Tech companies could do ‘heaps more’ to protect users from fraud

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Technology companies could be doing “heaps more” to protect users against fraud, a senior official at the National Crime Agency (NCA) told a parliamentary committee on Wednesday.

Fraud is the most common crime in England and Wales, according to government statistics, with millions of incidents reported annually and potentially millions more going unreported.

James Babbage, the director general for threats at the NCA, told the Home Affairs Committee’s new inquiry on fraud that more than 80% of these crimes were taking place online.

“We have to be focusing on what more the technology companies can do — and in general there is heaps more they can do,” Babbage said.

The committee, which is examining “how effective Government and law enforcement agencies are at identifying and combating existing and emerging forms of fraud,” heard examples of how technology companies could protect their users.

“If you receive an email, and it is from a very newly created domain, that is a red flag that your email provider could in theory show you alongside the email,” suggested Babbage.

“If you receive an email from an email address that is very similar to the one that you correspond with a lot, but just slightly different — a ‘1’ for an ‘l’ or something — that is something that the technology ought to be able to flag to you.”

The inquiry is the second on the topic in recent years, with the Justice Committee warning in 2022 that the British government’s response needs “a wholesale change in philosophy and practice.”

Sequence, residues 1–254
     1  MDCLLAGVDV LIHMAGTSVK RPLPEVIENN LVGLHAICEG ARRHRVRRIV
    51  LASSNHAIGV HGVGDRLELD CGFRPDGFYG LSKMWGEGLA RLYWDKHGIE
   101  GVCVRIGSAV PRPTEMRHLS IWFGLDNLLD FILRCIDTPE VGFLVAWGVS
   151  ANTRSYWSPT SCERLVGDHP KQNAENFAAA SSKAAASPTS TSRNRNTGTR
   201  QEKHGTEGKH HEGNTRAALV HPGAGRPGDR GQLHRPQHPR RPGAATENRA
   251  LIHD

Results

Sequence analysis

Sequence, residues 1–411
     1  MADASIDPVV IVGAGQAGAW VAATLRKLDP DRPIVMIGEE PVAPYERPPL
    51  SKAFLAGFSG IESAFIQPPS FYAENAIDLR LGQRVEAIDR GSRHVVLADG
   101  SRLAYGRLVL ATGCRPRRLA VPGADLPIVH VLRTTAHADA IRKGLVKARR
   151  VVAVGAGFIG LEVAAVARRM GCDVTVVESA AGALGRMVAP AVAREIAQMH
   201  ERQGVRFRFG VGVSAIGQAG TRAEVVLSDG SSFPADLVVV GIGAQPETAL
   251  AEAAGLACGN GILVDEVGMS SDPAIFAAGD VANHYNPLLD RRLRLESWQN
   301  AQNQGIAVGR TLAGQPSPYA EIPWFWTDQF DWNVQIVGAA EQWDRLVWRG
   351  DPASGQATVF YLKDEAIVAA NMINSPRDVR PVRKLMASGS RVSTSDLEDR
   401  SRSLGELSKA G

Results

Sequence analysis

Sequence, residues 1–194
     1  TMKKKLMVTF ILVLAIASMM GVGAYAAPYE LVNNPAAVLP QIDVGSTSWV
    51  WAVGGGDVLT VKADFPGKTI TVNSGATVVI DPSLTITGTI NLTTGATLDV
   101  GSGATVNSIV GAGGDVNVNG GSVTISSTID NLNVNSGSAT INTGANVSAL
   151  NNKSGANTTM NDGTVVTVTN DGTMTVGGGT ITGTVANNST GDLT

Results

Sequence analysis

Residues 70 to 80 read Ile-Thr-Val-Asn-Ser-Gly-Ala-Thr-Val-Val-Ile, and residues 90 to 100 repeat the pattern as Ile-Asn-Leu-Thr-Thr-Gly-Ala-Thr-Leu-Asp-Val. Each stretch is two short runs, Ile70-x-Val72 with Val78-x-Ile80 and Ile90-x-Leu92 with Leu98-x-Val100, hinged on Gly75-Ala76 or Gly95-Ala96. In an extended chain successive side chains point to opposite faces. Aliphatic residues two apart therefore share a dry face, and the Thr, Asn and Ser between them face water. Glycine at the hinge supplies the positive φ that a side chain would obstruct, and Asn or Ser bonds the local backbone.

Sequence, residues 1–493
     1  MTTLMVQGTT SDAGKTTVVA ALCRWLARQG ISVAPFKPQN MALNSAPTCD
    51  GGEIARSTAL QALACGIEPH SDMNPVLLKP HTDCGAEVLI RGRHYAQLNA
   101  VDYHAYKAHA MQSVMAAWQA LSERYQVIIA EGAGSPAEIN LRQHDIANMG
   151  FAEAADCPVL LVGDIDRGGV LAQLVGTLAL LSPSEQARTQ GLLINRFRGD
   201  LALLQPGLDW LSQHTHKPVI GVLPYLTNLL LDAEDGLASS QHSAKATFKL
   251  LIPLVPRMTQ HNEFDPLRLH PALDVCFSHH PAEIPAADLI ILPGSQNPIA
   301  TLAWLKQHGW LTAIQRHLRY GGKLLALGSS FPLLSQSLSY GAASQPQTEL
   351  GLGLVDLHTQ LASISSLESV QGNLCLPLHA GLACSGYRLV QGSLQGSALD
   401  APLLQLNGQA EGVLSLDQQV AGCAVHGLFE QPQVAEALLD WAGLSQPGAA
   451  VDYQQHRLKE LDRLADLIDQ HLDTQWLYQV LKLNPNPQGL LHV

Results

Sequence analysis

In the Justice Committee’s report, it welcomed obligations on technology companies being introduced in the Online Safety Act to prevent scams being perpetrated on their platforms.

TSB, a British retail bank, has claimed that the social media giant Meta’s platforms are the origin for 80% of all fraud cases that it refunds. The bank has the highest proportion of all fraud refunds in the United Kingdom, according to data published by the Payment Systems Regulator.

Babbage praised the combination of the compulsory Online Safety Act and the voluntary Online Fraud Charter, which is meant to be implemented this year, introducing “a sort-of ‘Know Your Customer’-style verification” requirement for platforms.

“That could make an enormous dent in the volume of fraud,” he said, although he stressed that social media companies could also do more to share signals of inauthentic behavior with potential victims and other platform users.

“If you’re on a social media application, and the person you’re talking to has various indications of inauthentic behavior — so let’s say they appear to the platform to be somewhere other than where their profile says they are located, or they appear to have hundreds of different accounts, or are even messaging unusually large numbers of people,” these are details that could be available to users.

Solutions to the problem of fraud online involve “finding ways to make more transparent the stuff that the platforms understand and that, as consumers, either we don’t or it’s just too complicated to check,” said Babbage, who also warned that “broadly speaking, social media companies are increasingly putting the content of such groups beyond their own ability to see and moderate.”

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Alexander Martin is the UK Editor for Recorded Future News. He was previously a technology reporter for Sky News and is also a fellow at the European Cyber Conflict Research Initiative.

 

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